From Michael Cunningham's The Hours:
There are still flowers to buy. Clarissa feigns exasperation (though she loves doing errands like this), leaves Sally cleaning the bathroom, and runs out, promising to be back in half an hour.
It is New York City. It is the end of the twentieth century.
The vestibule door opens onto a June morning so fine and scrubbed Clarissa pauses at the threshold as she would at the edge of a pool, watching the turquoise water lapping at the tiles, the liquid nets of sun wavering in the blue depths. As if standing at the edge of a pool she delays for a moment the plunge, the quick membrane of chill, the plain shock of immersion. New York in its racket and stern brown decrepitude, its bottomless decline, always produces a few summer mornings like this; mornings invaded everywhere by an assertion of new life so determined it is almost comic, like a cartoon character that endures endless, hideous punishments and always emerges unburnt, unscarred, ready for more. This June, again, the trees along West Tenth Street have produced perfect little leaves from the squares of dog dirt and discarded wrappers in which they stand. Again the window box of the old woman next door, filled as it always is with faded red plastic geraniums pushed into the dirt, has sprouted a rogue dandelion.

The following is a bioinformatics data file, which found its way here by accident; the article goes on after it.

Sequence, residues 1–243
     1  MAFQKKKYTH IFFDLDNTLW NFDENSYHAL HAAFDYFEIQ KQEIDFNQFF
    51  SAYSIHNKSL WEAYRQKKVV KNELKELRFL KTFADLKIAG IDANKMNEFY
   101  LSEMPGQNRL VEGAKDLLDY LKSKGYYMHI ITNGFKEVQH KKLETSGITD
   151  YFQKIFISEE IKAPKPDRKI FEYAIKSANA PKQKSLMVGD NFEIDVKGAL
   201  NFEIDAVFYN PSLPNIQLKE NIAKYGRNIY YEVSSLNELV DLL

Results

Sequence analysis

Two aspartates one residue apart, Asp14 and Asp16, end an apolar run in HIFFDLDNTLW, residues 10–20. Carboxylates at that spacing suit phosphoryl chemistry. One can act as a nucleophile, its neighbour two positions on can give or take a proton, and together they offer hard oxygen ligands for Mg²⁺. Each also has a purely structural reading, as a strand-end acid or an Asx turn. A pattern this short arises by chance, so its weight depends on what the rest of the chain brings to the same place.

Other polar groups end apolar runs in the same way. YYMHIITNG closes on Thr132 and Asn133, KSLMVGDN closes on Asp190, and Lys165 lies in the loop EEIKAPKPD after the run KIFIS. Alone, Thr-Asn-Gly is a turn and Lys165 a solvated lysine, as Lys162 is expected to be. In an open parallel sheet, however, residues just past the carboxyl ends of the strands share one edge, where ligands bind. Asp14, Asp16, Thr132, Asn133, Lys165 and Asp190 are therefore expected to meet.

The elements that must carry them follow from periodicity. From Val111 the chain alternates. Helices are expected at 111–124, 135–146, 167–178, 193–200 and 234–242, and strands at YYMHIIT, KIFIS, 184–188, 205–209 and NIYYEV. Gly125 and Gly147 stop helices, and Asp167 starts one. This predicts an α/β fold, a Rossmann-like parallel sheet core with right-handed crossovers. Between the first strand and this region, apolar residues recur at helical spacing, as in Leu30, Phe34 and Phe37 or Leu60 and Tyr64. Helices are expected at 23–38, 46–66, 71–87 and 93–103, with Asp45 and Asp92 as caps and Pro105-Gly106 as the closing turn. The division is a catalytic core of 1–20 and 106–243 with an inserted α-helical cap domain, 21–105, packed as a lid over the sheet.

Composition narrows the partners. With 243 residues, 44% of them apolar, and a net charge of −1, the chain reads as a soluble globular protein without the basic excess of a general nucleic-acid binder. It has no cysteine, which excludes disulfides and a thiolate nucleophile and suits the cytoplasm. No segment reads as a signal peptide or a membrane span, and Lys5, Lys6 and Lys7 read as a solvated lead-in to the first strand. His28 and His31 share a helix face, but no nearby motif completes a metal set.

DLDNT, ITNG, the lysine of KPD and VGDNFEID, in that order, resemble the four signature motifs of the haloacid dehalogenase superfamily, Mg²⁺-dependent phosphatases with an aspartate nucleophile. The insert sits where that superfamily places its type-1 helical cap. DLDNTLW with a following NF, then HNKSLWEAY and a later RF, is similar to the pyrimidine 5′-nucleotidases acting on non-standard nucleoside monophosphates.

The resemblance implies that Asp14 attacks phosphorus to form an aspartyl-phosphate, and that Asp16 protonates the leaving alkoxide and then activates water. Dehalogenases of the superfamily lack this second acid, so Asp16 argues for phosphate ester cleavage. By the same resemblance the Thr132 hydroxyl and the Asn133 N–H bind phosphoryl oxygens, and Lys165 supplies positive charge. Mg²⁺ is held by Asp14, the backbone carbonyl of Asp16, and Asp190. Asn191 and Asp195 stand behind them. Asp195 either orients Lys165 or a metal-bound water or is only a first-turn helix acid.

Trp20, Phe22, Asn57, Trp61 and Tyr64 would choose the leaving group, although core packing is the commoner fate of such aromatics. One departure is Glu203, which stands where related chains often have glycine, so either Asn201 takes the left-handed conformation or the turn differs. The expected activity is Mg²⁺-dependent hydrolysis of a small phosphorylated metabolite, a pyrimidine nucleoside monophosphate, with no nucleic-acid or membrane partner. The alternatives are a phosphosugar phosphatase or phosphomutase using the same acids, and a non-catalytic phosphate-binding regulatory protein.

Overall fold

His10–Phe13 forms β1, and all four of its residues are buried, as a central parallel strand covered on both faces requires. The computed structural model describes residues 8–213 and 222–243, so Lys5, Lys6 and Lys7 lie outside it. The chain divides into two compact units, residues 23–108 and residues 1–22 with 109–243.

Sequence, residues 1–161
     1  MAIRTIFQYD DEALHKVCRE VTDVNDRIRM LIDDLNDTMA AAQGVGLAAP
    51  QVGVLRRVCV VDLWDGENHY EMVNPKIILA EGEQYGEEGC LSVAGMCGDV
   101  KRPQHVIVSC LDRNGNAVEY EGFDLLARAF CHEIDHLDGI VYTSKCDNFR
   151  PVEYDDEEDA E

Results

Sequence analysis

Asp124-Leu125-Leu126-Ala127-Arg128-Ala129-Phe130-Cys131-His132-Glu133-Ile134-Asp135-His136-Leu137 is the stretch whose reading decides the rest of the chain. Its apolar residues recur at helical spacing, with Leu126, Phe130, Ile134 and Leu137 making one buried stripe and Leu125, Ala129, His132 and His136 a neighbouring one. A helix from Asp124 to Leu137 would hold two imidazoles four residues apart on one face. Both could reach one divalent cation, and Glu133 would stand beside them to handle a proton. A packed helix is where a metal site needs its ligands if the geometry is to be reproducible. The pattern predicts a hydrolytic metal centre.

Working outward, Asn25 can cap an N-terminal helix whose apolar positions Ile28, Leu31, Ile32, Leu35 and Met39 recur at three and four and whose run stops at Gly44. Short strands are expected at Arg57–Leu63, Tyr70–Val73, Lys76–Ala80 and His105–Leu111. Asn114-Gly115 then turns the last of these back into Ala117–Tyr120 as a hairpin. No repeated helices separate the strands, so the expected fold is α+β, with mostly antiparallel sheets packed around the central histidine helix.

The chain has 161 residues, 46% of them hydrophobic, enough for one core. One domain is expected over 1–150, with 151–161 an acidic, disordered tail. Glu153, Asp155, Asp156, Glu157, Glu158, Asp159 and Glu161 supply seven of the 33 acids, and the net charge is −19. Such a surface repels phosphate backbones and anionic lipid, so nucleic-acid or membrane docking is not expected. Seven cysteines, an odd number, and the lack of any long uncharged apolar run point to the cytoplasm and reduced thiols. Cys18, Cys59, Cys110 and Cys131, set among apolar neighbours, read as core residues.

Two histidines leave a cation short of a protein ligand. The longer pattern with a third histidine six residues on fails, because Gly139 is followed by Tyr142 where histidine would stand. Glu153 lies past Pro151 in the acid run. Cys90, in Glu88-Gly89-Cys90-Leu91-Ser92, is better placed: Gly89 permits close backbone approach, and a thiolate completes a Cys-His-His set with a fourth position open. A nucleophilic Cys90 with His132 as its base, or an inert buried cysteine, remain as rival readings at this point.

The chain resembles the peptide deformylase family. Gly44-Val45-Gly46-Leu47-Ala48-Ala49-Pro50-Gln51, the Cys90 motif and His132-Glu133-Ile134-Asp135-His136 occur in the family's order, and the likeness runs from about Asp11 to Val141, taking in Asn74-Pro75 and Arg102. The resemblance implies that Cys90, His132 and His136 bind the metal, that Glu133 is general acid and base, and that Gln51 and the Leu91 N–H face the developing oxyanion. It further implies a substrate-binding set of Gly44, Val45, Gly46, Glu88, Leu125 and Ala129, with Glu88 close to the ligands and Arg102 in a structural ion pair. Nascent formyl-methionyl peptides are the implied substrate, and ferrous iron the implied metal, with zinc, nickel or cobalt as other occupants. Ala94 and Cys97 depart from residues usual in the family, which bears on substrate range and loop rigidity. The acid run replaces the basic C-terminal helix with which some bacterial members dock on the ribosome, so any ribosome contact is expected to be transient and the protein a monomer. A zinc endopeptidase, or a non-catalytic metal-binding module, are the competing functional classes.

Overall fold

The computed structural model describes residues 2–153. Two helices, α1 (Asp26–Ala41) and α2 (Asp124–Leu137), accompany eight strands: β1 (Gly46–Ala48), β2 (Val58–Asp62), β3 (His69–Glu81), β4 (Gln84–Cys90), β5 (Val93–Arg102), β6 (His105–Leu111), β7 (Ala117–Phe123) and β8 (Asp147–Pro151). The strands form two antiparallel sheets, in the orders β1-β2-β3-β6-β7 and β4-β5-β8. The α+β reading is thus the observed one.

What a thrill, what a shock, to be alive on a morning in June, prosperous, almost scandalously privileged, with a simple errand to run.